As we learned last week, a foot ulcer is a common cause of lower extremity issues for those with diabetes. They are most often found to develop in older men. The most common mechanism of injury results from repetitive and unperceived pressure on bony areas of the foot as well as pre-existing deformities.
There are many reasons a diabetic individual can develop an ulcer. However, it has been found that most diabetic foot ulcers are commonly caused by four main things.
Poor blood circulation is a form of vascular disease. This means that blood doesn’t flow to your limbs efficiently (and that includes your feet, most distant from the heart). Poor circulation can also make it more difficult for diabetic ulcers to heal.
High blood sugar (hyperglycemia)
High glucose levels also slow down the healing process of an infected foot ulcer. This is one of the reasons why it’s critical to have well-managed blood sugar levels. Individuals with type 2 diabetes often have a more difficult time fighting off infections from ulcers.
Nerve damage is an irreversible and long-term effect that can lead to a loss of feeling in your feet. Initially, damaged nerves can feel tingly and even painful. As nerve damage progresses it reduces your sensitivity to foot pain. This is results in painless wounds that can cause ulcers.
Irritated or wounded feet
Ulcers can sometimes be a result of improperly fitting or even inappropriate shoes. Wearing improper footwear can cause abnormal weight-bearing, areas of concentrated pressure, and abnormal shear forces on the feet. This can then increase the likelihood of experiencing foot stress.
There are three main types of ulcers.
These ulcers ccur when there is chronic repetitive trauma or friction on weight-bearing areas of the foot. These ulcers are painless and surrounded by calluses. They are located by the bony areas of the foot (specifically the toes).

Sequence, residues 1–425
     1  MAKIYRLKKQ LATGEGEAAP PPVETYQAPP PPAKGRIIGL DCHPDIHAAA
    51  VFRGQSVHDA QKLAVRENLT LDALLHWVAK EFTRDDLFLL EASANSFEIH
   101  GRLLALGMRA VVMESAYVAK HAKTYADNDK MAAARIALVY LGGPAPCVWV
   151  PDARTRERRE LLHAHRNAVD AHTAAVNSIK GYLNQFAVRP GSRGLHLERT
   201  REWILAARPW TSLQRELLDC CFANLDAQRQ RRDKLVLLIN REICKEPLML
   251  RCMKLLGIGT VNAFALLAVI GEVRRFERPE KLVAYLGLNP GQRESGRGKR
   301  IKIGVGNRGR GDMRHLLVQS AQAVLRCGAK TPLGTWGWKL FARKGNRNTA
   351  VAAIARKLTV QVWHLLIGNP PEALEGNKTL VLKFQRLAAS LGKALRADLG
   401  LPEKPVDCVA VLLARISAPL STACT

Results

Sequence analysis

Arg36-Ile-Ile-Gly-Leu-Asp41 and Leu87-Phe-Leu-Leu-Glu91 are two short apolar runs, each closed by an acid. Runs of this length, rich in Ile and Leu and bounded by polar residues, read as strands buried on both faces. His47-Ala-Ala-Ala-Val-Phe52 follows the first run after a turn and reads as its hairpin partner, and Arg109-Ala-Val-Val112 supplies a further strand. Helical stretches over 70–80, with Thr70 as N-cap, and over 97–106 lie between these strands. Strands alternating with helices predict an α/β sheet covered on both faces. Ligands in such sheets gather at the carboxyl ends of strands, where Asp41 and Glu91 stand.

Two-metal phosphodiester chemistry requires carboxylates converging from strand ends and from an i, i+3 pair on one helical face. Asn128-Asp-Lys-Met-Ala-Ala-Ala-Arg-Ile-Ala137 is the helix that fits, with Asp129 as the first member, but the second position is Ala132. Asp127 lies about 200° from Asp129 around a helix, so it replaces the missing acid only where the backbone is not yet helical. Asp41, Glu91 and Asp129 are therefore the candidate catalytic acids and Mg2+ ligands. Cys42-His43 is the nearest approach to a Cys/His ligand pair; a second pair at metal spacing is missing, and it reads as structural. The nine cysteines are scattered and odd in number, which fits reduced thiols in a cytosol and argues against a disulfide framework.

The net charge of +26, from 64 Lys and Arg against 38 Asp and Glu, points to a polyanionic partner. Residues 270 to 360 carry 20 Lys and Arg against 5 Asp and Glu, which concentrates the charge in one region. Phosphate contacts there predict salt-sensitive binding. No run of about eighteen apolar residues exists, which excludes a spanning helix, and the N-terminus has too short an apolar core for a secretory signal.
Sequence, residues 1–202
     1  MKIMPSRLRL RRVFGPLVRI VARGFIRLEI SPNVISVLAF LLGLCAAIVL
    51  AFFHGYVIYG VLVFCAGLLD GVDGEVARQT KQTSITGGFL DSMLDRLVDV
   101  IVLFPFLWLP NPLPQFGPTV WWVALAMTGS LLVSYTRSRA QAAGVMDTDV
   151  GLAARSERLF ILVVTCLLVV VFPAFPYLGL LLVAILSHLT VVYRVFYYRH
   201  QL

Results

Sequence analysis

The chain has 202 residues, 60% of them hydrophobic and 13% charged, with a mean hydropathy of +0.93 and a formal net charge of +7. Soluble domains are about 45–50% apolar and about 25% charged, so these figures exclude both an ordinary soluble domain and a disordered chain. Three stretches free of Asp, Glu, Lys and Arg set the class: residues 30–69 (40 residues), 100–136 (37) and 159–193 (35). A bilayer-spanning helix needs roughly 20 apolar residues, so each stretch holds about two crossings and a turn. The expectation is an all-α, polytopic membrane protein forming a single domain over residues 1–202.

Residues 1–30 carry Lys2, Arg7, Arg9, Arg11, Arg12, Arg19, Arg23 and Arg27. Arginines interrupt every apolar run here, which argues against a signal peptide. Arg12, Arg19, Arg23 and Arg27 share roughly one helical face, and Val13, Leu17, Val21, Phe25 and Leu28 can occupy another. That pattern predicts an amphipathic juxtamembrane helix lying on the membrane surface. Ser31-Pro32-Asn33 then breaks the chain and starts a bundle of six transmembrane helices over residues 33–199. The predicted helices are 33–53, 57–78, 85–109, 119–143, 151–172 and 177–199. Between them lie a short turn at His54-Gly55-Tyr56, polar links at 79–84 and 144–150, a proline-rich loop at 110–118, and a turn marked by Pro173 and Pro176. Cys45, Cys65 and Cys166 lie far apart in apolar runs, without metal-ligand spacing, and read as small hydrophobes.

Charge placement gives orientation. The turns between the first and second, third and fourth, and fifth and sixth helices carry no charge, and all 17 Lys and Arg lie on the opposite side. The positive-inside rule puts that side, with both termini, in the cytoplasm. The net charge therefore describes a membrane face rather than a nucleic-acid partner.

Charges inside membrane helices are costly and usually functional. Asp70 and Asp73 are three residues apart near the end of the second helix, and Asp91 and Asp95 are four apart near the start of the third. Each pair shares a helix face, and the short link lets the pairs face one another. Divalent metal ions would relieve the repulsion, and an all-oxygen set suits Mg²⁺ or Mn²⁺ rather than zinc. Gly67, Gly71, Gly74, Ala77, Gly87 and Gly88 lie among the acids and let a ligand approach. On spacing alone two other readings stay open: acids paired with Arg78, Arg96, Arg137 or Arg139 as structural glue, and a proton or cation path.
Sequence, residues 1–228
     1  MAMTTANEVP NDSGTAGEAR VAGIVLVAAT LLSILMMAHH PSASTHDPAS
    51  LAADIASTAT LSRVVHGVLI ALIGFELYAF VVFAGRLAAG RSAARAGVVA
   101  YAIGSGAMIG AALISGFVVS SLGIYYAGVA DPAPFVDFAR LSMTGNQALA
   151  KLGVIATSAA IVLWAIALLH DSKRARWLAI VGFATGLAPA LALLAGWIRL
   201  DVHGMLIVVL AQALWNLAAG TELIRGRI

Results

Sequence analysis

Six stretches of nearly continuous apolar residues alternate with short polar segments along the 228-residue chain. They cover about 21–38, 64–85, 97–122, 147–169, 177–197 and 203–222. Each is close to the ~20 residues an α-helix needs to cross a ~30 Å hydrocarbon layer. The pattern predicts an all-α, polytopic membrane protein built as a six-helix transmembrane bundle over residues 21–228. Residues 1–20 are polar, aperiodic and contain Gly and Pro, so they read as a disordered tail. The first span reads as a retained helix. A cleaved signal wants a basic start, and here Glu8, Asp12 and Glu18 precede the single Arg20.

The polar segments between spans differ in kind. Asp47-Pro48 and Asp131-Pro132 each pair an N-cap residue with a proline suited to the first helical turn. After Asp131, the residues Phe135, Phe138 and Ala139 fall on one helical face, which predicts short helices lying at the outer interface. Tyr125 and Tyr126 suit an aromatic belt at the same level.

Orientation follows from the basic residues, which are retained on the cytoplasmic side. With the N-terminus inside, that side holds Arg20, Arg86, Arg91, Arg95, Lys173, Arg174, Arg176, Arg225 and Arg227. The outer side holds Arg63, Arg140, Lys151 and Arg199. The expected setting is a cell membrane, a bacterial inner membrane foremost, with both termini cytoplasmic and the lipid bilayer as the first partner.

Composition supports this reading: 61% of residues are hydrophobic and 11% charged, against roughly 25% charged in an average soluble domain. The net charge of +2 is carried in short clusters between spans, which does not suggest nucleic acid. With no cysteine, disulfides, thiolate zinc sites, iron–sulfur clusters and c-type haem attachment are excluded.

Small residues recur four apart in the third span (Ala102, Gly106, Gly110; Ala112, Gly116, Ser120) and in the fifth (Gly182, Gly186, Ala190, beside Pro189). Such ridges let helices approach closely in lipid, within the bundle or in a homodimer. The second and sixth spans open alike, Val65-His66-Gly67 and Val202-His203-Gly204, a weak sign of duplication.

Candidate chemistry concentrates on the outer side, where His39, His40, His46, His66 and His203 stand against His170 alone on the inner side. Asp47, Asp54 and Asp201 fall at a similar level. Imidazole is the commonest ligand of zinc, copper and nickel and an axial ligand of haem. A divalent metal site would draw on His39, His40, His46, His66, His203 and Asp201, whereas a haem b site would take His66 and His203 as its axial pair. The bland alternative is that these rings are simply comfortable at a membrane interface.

Ulcers of this type are produced when there is a diminished flow of blood to the foot and lower leg resulting in a lack of blood supply. They are located near bony areas. Most often they occur on the tips or between toes, heels, and side or sole of the foot.
Ulcers of this caliber develop when the deep veins of the leg fail to return blood to the heart. This causes pooling in the lower leg. Ulcers under this category typically develop on the lower leg and are most often preceded by itching and swelling.
Remember! Signs that you are experiencing foot ulcers are not always obvious. There are many times you may not show any symptoms until the ulcer has become infected. If you’re unsure, the best thing to do is talk to your doctor. This is especially important if you begin to see any skin discoloration or you begin to feel any pain around an area that appears callused or irritated.
Join us next week for a more in-depth look at how to treat a diabetic foot ulcer.
Bushby, A. (2012). Diabetes Mellitus. Clinical practice guidelines: A reference manual of best practice in pedorthic care (pp. 5-6). Winnipeg, MB: Pedorthic Association of Canada.
The Healthline Editorial Team, medically reviewed by Steve Kim, MD, (2016, February 18). Diabetic foot pain and ulcers: causes and treatment. Healthline. Retrieved from https://www.healthline.com/health/diabetic-foot-pain-and-ulcers-causes-treatments#risk-factors